New Hope Resident Honored for 55 Years of Volunteer Weather Service
Take a walk with Steve Reckers through his yard and you can instantly sense his passion for the weather.
Reckers points at his backyard weather station he obtained from the National Weather Service in 1967.
“There’s free flow of air through it,” he pointed out. “That’s what they always use back before a lot of this automated equipment.”
It allows Reckers to record many measurements that he relays back to the National Weather Service as a volunteer weather observer. He takes measurements at 10:30 p.m. every night.
“At night I take the maxium, minimum, the current temperatue, any precipation, any snowfall, the soil temperature,” he rattled off. “It’s not work because I really enjoy doing it.”
Reckers says his love of weather began at a young age.
“Since I was 4 or 5 years old, hoping for snow this time of year,” he said.
It should be no surprise then that his favorite childhood gift was none other than an indoor-outdoor thermometer.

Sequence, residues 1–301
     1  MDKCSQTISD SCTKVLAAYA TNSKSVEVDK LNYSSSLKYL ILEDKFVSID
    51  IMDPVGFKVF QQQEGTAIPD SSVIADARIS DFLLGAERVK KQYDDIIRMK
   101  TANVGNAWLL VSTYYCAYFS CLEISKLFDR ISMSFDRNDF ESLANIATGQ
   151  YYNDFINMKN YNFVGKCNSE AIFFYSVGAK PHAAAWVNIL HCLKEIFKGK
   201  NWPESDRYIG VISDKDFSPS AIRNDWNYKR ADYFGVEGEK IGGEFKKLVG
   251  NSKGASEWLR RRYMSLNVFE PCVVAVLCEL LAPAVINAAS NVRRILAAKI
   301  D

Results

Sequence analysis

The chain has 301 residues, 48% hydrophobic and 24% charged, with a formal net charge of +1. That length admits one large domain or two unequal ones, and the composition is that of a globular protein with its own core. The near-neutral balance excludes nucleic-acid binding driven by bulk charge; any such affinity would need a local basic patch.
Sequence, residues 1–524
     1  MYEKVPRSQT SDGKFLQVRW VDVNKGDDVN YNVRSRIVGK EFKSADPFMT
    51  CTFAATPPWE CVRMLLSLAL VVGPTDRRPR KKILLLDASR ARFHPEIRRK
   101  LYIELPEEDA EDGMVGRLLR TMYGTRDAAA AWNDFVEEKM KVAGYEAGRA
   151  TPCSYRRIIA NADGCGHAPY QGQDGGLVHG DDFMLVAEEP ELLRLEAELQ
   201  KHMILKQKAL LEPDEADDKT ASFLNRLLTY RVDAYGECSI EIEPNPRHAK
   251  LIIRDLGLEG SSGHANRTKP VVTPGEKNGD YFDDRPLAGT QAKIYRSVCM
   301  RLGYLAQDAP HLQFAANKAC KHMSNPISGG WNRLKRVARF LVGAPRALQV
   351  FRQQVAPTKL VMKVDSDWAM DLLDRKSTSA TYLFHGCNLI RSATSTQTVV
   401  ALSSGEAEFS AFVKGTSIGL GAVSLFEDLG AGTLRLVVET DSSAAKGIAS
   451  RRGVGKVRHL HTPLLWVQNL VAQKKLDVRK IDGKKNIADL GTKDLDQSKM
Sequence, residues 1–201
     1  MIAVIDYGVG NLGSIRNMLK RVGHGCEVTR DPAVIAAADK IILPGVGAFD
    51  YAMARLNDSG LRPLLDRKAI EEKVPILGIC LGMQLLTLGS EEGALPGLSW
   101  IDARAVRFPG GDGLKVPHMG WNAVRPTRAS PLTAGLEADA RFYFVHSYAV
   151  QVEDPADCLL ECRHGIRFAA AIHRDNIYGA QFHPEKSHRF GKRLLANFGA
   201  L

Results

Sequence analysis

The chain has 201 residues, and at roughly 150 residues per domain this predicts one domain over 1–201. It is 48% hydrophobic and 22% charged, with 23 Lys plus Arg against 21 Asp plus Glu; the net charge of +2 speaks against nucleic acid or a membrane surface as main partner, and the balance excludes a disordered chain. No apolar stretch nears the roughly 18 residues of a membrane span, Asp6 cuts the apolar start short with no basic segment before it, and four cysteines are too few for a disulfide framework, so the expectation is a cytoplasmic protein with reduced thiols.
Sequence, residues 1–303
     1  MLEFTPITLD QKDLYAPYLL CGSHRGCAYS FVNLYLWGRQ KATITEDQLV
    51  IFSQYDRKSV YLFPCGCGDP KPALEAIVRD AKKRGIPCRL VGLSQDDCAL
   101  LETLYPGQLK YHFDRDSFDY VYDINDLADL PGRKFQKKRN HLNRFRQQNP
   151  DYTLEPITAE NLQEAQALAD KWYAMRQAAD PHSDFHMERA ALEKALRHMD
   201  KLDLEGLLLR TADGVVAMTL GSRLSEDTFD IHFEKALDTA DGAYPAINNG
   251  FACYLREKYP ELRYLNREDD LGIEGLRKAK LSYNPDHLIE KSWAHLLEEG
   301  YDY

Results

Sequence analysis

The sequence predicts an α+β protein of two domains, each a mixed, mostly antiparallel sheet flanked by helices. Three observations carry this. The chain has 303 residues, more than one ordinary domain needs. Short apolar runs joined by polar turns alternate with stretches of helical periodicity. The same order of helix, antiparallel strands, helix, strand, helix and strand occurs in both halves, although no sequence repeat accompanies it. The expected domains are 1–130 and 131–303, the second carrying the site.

“Greatest gift I ever had,” smiled Reckers. “Bike might be next and baseball glove after that.”
Benjamin Franklin Award Recipient
Reckers’ lifelong passion resulted in receiving the National Weather Service’s Benjamin Franklin Award for 55 years of service. The length of service is a rare feat.
“There’s a few of us, not too many,” he laughed.
However, don’t ask his family to follow suit.
“I’ve been working on my grandkids,” he smiled. “But none of them are terribly interested in it.”
Reckers says his family does chip in when he’s out of town and unable to record data.
The 55th year of service turned out to be memorable in more ways than one. This year was historic in several ways for weather.
“Going back to November, December and then through the winter, I had 94 inches of snow in this location, at least going back to ’56 when records started here.”
That, followed by drought in the summer, then lots of rain this fall, and 2023 turned into a weather year for the ages.
“Go figure, it’s been an incredible year and warm,” said Reckers.
He doesn’t expect 2024 to be quite as crazy.
“Because of the El Nino, likely to be a little milder than normal,” said Reckers. “Last year was gangbusters. My back doesn’t want to see that again,” he laughed.